Sean McAlinden, CAR’s executive vice president-research and chief economist, has a subtle wit not common in his profession.
Rattling off 2012 vehicle-sales forecasts from 11 sources, ranging from 14.1 million to 14.5 million units as he chairs an MBS session, he observes: “Forecasters may not be sheep, but their behavior may seem so.”
Chief Economist Ellen Hughes-Cromwick, apparently wishing to separate from the herd, insists: “This is not a synchronized diving event like they have at the Olympics.”
When the management seminars started in the 1960s, they were small, sober gatherings where the dress code was suits and ties.
As the conference grew in the 1970s and 1980s, attitudes about corporate dress changed, and golfing became a big part of the MBS experience. Veterans quickly learned to spot the newbies, because they were the only ones wearing ties. Everyone else not giving a speech wore golf shirts.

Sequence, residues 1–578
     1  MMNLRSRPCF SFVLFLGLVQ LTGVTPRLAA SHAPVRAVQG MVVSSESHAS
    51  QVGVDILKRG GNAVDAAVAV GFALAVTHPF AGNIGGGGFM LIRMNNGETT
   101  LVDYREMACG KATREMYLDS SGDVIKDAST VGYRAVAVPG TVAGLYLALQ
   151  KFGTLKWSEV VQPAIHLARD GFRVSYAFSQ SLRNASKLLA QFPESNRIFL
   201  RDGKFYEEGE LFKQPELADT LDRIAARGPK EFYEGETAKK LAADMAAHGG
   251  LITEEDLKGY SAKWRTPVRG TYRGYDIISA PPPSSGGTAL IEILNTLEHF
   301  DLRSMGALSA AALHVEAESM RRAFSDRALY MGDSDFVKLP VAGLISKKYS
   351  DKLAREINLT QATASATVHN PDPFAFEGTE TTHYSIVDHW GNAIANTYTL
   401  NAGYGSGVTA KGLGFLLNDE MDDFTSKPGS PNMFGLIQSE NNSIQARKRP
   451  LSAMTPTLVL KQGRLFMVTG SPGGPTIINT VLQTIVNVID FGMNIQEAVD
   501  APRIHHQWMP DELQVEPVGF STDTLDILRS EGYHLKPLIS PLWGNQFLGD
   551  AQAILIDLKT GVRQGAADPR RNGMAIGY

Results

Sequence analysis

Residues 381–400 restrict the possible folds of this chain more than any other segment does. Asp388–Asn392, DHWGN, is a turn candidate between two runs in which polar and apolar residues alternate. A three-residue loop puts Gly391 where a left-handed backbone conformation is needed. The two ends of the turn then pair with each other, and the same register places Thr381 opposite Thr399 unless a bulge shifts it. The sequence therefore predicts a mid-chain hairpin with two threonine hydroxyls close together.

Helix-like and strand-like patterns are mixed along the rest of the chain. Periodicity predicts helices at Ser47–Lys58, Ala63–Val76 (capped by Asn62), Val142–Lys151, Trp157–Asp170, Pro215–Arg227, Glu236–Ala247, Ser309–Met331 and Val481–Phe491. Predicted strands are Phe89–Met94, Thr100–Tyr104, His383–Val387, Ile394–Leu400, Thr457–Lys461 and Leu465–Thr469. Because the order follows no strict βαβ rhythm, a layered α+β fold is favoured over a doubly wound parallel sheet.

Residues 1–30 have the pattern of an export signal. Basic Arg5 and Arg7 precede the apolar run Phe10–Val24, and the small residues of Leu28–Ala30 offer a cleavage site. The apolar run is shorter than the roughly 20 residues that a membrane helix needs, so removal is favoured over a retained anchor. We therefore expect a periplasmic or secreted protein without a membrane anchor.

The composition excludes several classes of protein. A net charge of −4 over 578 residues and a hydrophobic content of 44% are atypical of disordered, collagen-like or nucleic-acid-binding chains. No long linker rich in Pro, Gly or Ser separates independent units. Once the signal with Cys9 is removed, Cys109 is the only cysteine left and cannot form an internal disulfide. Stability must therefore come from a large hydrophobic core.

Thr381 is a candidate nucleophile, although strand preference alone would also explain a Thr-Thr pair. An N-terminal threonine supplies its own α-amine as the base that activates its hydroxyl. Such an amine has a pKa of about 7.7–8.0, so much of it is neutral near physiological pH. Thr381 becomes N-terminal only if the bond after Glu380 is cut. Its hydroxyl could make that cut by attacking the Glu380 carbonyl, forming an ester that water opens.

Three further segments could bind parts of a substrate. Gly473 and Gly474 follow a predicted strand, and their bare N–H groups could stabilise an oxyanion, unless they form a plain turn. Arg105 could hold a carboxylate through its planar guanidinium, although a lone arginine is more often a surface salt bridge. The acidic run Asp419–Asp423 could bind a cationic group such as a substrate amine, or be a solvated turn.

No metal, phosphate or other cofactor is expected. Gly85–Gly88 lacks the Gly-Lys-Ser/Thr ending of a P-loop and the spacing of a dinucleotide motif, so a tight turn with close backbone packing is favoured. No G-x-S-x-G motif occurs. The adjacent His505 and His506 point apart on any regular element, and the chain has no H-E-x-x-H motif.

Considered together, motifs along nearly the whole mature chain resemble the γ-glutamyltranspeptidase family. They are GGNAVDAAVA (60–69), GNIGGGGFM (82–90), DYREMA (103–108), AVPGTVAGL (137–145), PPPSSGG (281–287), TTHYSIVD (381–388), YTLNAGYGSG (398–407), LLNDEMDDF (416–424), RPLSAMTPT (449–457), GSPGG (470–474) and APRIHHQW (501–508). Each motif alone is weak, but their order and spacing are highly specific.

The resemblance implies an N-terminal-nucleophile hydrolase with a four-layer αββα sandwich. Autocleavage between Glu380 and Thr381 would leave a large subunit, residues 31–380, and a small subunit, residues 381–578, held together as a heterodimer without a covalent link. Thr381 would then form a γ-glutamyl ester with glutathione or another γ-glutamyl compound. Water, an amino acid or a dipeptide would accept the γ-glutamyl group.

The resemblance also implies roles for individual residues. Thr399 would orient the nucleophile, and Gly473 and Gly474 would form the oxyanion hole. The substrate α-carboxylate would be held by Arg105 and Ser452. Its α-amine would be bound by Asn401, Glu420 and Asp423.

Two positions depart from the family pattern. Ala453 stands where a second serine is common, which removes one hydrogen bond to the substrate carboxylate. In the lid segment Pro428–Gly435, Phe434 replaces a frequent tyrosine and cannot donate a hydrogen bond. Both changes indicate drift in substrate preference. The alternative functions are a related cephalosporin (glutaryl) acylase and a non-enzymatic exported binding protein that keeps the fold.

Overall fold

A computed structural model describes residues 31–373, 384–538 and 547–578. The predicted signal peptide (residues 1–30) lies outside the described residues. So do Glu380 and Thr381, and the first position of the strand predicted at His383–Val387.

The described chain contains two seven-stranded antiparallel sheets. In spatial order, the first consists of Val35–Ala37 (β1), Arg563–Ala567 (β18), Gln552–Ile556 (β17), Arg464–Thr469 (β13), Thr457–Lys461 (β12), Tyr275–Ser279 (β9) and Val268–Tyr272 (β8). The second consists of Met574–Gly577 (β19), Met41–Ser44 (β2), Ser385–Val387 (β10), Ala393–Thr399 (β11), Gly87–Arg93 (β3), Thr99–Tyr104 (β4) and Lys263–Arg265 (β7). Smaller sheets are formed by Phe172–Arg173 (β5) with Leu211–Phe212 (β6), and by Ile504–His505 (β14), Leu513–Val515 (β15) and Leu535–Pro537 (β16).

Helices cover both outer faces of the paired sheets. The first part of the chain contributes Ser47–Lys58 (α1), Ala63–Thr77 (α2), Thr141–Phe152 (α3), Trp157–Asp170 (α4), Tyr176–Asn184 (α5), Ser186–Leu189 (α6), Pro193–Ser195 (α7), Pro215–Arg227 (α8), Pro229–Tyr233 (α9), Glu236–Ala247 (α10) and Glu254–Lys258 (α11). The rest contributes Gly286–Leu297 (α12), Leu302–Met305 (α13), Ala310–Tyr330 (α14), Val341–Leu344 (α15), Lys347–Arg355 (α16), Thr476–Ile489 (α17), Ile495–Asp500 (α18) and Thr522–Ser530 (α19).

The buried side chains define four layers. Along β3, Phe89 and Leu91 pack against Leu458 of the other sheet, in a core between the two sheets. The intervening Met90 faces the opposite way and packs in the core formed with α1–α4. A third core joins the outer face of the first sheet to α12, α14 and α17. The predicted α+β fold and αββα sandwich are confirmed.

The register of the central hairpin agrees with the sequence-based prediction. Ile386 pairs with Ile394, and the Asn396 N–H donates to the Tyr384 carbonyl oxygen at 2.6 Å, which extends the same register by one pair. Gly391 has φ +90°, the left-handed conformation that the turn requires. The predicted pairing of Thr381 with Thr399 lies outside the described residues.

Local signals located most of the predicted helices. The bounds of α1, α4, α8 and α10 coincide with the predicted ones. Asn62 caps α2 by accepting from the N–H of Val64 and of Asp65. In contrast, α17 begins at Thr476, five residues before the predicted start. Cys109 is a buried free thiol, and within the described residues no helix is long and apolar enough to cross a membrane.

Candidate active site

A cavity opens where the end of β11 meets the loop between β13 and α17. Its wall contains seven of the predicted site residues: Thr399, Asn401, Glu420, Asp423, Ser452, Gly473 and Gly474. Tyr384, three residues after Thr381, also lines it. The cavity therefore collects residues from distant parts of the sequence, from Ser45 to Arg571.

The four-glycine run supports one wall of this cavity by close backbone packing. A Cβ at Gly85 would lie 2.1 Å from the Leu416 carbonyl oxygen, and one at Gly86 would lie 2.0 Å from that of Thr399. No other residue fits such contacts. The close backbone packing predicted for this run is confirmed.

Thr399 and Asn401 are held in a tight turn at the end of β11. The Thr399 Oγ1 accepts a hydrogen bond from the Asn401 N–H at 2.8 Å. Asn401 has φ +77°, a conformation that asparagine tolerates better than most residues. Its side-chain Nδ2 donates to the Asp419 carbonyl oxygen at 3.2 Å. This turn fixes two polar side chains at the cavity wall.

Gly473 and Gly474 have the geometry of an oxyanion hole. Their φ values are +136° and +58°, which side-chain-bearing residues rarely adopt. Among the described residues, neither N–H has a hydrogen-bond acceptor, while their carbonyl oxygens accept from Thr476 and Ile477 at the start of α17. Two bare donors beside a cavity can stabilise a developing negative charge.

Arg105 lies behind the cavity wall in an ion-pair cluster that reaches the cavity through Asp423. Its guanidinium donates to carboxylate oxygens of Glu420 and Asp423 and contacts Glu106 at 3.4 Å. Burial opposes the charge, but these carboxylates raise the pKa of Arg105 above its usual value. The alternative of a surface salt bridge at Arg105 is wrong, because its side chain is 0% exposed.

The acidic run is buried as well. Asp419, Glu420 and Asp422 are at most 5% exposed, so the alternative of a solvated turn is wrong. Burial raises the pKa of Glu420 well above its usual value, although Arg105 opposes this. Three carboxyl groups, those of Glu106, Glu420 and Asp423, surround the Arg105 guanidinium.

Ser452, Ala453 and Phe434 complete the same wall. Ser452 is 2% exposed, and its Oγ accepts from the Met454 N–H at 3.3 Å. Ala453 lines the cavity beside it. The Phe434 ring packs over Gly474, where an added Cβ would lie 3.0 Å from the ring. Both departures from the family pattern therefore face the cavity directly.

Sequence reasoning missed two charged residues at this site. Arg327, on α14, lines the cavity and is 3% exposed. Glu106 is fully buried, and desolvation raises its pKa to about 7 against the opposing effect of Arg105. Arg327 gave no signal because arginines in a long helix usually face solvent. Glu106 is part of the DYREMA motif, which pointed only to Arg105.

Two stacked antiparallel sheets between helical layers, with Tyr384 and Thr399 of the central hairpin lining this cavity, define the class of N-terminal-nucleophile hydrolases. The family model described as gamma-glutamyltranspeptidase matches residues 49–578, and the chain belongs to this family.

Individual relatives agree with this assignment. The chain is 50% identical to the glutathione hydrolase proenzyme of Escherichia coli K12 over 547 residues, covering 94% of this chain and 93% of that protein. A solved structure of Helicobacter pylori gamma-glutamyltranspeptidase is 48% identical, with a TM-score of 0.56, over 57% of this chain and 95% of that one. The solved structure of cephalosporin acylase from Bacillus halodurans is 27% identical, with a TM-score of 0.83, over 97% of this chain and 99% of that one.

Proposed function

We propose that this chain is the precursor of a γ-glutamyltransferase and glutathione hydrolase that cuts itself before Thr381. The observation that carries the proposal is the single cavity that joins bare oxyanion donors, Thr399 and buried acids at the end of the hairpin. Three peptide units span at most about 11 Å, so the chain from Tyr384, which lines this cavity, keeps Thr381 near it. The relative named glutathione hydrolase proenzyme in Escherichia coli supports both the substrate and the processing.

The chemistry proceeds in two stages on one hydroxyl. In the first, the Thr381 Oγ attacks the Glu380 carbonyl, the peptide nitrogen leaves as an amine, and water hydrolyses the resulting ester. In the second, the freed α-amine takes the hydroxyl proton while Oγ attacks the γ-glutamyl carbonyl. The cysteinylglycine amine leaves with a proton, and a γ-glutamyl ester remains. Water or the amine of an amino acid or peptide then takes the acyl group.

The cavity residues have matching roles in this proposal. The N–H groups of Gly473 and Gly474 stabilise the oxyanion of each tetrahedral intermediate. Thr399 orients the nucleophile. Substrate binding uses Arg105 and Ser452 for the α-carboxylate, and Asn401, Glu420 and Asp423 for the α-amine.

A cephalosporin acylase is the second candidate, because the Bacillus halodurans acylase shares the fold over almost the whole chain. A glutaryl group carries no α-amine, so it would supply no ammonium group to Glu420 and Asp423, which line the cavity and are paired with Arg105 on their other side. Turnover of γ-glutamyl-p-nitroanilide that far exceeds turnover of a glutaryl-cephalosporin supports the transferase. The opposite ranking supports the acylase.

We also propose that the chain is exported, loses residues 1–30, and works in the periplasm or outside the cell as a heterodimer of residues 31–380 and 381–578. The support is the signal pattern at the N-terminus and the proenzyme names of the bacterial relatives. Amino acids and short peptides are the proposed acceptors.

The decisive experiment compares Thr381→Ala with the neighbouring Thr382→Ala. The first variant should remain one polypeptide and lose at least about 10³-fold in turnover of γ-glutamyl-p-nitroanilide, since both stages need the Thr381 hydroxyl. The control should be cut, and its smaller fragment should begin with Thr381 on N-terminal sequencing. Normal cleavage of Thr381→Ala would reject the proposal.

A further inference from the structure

As MBS and the auto industry continue to evolve, the dress code this year seems to be back to regular business attire. “In economist terms, it does seem to be trending that way,” says one longtime attendee.
Mitt No Fit to Easing Fuel-Economy Pressures
Powertrain experts throw cold water on the idea a Republican victory in November’s presidential election would lead to a weakening of the Obama Admin.’s tough new CAFE rules through 2025.
Joseph Bakaj,vice president-powertrain engineering, says even in the unlikely event the tougher fuel-economy measures were eased, global rules and other considerations will keep the pressure on to dramatically improve efficiency.
“You’ve still got Europe and Asia that are driving us to better fuel efficiency. On top of that, you’ve got customer demand and competition among OEMs. I don’t think we’ll see it,” he says of the election impacting CAFÉ.